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The Alchemy of Finance: Reading the Mind of the Market



The Alchemy of Finance: Reading the Mind of the Market

George Soros

ISBN: 978-0-471-04313-3 May 1994 367 Pages


Critical Praise . . .

"The Alchemy joins Reminiscences of a Stock Operator as a timelessinstructional guide of the marketplace." - Paul Tudor Jones fromthe Foreword

"An extraordinary . . . inside look into the decision-makingprocess of the most successful money manager of our time.Fantastic."- The Wall Street Journal

"A breathtakingly brilliant book. Soros is one of the core ofmasters . . . who can actually begin to digest the astonishingcomplexity . . . of the game of finance in recent years."-Esquire

"A seminal investment book . . . it should be read, underlined, andthought about page-by-page, concept-by-idea. . . . He's the bestpure investor ever . . . probably the finest analyst of the worldin our time." - Barton M. Biggs, Morgan Stanley

George Soros is unquestionably the most powerful and profitableinvestor in the world today. Dubbed by BusinessWeek as "The Man WhoMoves Markets," Soros has made a billion dollars going up againstthe British pound. Soros is not merely a man of finance, but athinker to reckon with as well. Now, in The Alchemy of Finance,this extraordinary man reveals the investment strategies that havemade him "a superstar among money managers" (The New York Times).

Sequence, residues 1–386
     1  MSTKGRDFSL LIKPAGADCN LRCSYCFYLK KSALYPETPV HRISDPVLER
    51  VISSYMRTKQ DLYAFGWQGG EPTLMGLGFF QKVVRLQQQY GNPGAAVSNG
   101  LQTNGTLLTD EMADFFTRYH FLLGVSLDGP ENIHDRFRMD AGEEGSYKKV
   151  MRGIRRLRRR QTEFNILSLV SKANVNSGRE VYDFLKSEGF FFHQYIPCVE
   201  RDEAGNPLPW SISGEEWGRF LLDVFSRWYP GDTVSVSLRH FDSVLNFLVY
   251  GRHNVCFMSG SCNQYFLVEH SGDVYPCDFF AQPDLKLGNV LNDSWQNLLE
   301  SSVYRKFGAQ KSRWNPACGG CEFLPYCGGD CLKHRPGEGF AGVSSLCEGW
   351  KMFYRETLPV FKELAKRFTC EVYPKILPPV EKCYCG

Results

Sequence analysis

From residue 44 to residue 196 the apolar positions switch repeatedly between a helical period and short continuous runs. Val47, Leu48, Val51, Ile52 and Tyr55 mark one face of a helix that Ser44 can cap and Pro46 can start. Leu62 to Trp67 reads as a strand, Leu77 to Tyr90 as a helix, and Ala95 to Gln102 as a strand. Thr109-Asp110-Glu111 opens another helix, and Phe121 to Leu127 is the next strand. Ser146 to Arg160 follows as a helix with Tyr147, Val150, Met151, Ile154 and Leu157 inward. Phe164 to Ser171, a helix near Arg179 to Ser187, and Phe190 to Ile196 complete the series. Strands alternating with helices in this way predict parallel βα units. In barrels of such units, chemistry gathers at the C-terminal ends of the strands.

The Theory of Reflexivity.

Reflexivity in the Stock Market.

Reflexivity in the Currency Market.

The Credit and Regulatory Cycle.


The International Debt Problem.

The Collective System of Lending.

Reagan's Imperial Circle.

Evolution of the Banking System.

The ``Oligopolarization'' of America.


The Starting Point: August 1985.

Phase 1: August 1985--December 1985.

Control Period: January 1986--July 1986.

Phase 2: July 1986--November 1986.

The Conclusion: November 1986.


The Scope for Financial Alchemy: An Evaluation of theExperiment.

The Quandary of the Social Sciences.


Free Markets Versus Regulation.

Toward an International Central Bank.

The Paradox of Systemic Reform.

The Crash of '87.